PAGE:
It wasn't directly this Filmation series that spawned a life-long love of Aquaman. In fact, until watching the DVD, I'd never seen an episode of it. After watching the documentary included in this two-disc set, though, it's clear I owe Aquaman a debt. I was five when I picked up the Big Little Book Aquaman: Scourge of the Seas, a nifty 60's era adventure that clearly only got published because in 1967, kids loved this animated television series.
As Mark Waid points out, what's not to love? Set completely in his own element, Aquaman has a mythic quality. King of Atlantis, protector of the Seven Seas, and rider of a really cool giant seahorse, Aquaman has it all.
In the series, the character flits easily from fantasy to science fiction, battling mystic warriors and alien invaders while manfully flirting with Mera. His rogues' gallery makes it to the small screen, too, most often represented by Black Manta.
Simpler times made him more popular, perhaps. There's not a lot of sophistication to the stories, many of them written by DC comics writers of the time, including the undersung Bob Haney. Like the live-action Adam West Batman series, though, we're going to have to accept that a lot of Aquaman's comics stories possessed the same cheesy qualities.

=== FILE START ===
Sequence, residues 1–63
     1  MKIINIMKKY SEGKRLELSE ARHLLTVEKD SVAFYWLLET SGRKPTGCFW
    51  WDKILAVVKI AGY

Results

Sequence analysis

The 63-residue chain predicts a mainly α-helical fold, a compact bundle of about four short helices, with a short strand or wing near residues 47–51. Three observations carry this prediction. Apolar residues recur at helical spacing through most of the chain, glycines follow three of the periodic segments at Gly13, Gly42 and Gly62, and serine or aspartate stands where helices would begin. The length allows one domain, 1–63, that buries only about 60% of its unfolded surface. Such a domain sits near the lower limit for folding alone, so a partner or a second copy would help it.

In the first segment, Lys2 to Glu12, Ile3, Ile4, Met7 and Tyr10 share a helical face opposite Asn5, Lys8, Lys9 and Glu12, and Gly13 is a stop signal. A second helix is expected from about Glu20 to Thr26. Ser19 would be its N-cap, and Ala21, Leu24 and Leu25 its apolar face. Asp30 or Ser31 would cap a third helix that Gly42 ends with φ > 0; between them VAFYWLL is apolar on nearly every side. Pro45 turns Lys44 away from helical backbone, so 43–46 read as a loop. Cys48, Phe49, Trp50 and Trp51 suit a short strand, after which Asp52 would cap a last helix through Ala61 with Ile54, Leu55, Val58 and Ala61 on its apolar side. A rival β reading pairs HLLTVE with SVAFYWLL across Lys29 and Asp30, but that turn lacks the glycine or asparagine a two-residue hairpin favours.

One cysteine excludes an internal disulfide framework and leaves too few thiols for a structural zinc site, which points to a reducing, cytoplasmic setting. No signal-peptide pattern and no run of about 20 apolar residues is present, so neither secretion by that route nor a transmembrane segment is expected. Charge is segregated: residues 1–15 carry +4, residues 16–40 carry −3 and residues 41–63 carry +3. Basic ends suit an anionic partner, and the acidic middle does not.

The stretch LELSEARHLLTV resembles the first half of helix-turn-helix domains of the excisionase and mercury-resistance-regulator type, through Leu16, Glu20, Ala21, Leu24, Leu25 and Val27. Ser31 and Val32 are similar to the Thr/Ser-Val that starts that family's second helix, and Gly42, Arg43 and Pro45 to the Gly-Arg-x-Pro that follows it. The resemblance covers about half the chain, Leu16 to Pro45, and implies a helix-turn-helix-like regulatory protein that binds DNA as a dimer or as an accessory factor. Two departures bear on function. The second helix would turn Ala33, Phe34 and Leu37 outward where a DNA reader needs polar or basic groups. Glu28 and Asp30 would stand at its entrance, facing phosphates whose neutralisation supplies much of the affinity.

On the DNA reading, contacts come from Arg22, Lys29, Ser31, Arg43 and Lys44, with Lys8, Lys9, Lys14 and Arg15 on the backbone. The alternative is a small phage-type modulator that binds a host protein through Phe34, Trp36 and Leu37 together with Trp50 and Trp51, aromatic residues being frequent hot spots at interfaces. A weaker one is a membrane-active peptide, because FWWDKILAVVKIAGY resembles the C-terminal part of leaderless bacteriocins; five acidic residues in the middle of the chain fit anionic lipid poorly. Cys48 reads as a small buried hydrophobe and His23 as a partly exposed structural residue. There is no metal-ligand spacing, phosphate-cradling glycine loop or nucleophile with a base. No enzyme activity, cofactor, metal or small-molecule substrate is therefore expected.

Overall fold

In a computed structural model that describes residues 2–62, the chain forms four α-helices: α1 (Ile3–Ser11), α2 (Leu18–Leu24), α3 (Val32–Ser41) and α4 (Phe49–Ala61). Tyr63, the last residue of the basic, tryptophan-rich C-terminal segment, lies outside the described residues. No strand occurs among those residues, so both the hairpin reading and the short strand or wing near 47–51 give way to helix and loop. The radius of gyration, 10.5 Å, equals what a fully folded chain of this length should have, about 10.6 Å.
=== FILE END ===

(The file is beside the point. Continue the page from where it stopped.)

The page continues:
Despite the simplicity in both storytelling and animation, it's fun. Though as an adult the depth of Warner Brothers' current animated efforts pays off, there's something to be said for just diving in to the heroic action, and it's certainly great for kids. After all, that's who the audience was supposed to be.
But in the featurette, various experts including Waid offer up that Aquaman as a character deserves a lot more credit than he gets. Okay, when you're an adult breathing underwater and talking to fish seems kind of silly, but when you're five (and hey, Waid agrees with me) those powers are utterly believable and cool. Plus, of course, he walks around on the ocean floor, making him super-strong, an element rarely utilized in storytelling.
What rarely gets picked up on is how many taboos Aquaman broke through. The first DC character to get married - of course, the pundits don't even mention Reed and Sue Richards - Aquaman served as DC's first family man. Though that took a darker turn in the seventies, that element resonates in this animated series (and got lost in all the Super Friends iterations), with Aquaman, Aqualad and Mera all forming an unspoken family. Tusky the Walrus even counts as the family dog.
So Aquaman fans unite, pick this set up and infect the next generation. It will make a nifty stocking stuffer.
The Adventures of Aquaman - The Complete Collection (DC Comics Classic Collection)